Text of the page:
Read more about the health benefits of garlic.
Boric acid vaginal suppositories may help treat BV and reduce the chance of recurrence.
One 2021 study showed that when researchers combined boric acid supplements with metronidazole gel, the treatment of symptoms of BV was more effective. It also showed that prolonged use might help reduce the recurrence of BV infections.
A 2019 research review showed similar results for using boric acid supplements to treat BV.
Both sources stated that experts need to perform more research into using boric acid supplements to treat BV. Boric acid is toxic when taking it orally. It is important to only use this product as a healthcare professional instructs.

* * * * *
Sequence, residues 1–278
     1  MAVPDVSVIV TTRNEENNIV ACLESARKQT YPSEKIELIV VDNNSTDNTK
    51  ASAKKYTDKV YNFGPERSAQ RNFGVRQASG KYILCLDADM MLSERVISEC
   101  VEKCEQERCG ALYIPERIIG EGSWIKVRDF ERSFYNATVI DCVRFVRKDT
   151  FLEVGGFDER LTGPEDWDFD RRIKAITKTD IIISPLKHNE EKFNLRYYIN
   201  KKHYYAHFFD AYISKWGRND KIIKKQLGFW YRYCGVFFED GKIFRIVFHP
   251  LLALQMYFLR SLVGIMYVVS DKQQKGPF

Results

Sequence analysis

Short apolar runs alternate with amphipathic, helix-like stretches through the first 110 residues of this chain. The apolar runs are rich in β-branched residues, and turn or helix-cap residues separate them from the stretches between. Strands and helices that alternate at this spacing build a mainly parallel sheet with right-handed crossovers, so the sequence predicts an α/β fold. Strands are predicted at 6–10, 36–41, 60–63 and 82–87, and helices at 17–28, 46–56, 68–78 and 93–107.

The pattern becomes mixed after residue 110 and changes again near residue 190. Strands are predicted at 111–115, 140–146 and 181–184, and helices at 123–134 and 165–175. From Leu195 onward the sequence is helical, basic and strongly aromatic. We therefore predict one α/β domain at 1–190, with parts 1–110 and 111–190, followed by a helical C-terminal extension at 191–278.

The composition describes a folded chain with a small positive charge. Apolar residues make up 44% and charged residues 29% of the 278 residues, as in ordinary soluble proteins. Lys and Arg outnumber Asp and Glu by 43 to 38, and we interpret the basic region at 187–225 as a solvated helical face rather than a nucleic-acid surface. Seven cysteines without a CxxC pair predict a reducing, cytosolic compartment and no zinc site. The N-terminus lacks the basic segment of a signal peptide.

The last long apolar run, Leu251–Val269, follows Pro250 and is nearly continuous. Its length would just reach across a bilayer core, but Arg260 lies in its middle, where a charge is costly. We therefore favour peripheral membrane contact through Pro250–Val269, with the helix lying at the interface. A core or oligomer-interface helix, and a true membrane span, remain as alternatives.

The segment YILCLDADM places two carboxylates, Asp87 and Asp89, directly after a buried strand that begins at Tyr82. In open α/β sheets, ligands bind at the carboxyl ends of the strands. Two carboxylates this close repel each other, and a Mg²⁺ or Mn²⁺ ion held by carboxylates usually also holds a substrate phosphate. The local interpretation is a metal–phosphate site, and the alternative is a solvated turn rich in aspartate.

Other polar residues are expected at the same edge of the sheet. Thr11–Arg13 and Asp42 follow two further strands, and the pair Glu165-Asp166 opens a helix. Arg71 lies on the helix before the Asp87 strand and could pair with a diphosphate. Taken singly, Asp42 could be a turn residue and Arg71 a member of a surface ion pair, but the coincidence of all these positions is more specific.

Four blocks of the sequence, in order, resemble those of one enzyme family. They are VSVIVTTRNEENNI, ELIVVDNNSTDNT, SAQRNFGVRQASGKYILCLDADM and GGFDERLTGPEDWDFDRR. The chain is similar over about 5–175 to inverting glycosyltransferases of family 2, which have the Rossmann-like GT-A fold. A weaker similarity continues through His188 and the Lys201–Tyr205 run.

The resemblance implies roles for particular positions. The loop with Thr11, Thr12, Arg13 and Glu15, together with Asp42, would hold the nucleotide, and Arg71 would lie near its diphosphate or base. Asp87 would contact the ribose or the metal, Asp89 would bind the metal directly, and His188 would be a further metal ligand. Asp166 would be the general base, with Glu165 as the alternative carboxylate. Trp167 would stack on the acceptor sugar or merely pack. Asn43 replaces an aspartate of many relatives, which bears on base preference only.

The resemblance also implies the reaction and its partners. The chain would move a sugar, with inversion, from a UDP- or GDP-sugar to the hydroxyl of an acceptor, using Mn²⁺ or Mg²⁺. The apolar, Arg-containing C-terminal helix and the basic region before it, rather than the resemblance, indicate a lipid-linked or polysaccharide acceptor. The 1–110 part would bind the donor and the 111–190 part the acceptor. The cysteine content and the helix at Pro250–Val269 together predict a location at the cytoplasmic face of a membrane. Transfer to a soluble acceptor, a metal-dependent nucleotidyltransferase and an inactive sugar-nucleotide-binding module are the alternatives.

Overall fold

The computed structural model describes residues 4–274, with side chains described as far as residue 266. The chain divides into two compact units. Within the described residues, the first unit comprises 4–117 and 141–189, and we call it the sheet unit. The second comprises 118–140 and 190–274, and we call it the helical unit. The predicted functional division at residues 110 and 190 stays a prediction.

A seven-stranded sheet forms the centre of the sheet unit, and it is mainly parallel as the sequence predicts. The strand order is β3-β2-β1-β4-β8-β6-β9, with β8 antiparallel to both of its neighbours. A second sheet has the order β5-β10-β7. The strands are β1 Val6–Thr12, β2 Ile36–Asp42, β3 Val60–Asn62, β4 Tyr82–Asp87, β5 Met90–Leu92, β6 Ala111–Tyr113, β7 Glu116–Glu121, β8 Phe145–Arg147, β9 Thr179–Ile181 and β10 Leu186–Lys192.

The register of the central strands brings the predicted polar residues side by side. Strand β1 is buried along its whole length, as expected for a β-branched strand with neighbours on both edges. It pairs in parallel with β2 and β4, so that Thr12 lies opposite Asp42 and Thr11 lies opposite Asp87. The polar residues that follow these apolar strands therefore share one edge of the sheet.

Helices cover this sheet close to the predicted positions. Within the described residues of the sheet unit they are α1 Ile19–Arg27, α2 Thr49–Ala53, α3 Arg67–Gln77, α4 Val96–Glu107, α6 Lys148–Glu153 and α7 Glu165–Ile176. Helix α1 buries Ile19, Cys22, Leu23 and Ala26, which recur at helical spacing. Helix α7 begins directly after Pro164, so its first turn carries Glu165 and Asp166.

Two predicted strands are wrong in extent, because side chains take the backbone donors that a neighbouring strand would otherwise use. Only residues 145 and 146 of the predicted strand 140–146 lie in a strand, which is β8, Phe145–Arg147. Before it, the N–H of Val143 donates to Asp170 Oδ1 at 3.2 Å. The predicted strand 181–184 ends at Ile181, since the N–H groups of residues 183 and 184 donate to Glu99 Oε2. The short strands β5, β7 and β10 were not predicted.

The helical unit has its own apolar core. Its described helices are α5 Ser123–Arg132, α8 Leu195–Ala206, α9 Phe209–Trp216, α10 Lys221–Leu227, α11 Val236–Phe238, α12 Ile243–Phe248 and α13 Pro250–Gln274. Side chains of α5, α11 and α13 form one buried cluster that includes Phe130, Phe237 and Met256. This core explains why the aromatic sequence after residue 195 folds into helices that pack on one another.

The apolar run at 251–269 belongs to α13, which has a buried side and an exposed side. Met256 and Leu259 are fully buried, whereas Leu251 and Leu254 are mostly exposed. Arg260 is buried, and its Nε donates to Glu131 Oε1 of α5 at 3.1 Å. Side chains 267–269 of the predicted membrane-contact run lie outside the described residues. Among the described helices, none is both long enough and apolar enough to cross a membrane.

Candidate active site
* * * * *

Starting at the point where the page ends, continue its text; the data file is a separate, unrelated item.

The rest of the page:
Tea tree oil has many antimicrobial and anti-inflammatory properties. This means it may be useful in treating BV. However, there is currently no scientific evidence to support the effectiveness of using tea tree oil to treat BV.
Tea tree oil can cause allergic reactions in some people. Experts do not consider it safe to use during pregnancy. While tea tree oil often comes diluted, essential oils are meant for topical use, and it is essential not to ingest it. Speak with your doctor before using any essential oil treatments.
Research suggests that there may be health benefits in the use of essential oils. However, keep in mind that the Food and Drug Administration does not monitor these for purity and quality. Always discuss new products with your doctor and thoroughly research the brand before using them.